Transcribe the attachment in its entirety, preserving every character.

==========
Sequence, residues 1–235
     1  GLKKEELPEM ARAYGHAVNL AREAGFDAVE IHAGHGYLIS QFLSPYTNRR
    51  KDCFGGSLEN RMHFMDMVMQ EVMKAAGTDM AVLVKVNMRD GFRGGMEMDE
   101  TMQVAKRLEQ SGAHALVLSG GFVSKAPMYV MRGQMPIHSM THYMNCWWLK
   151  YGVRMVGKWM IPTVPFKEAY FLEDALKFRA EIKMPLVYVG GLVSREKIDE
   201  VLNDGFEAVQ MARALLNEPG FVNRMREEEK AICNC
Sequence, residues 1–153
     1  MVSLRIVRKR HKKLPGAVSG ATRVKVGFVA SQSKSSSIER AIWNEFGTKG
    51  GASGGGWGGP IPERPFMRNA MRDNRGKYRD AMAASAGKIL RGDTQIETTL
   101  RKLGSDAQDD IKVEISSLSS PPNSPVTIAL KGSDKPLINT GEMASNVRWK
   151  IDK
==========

Sequence, residues 1–235
     1  GLKKEELPEM ARAYGHAVNL AREAGFDAVE IHAGHGYLIS QFLSPYTNRR
    51  KDCFGGSLEN RMHFMDMVMQ EVMKAAGTDM AVLVKVNMRD GFRGGMEMDE
   101  TMQVAKRLEQ SGAHALVLSG GFVSKAPMYV MRGQMPIHSM THYMNCWWLK
   151  YGVRMVGKWM IPTVPFKEAY FLEDALKFRA EIKMPLVYVG GLVSREKIDE
   201  VLNDGFEAVQ MARALLNEPG FVNRMREEEK AICNC
Sequence, residues 1–153
     1  MVSLRIVRKR HKKLPGAVSG ATRVKVGFVA SQSKSSSIER AIWNEFGTKG
    51  GASGGGWGGP IPERPFMRNA MRDNRGKYRD AMAASAGKIL RGDTQIETTL
   101  RKLGSDAQDD IKVEISSLSS PPNSPVTIAL KGSDKPLINT GEMASNVRWK
   151  IDK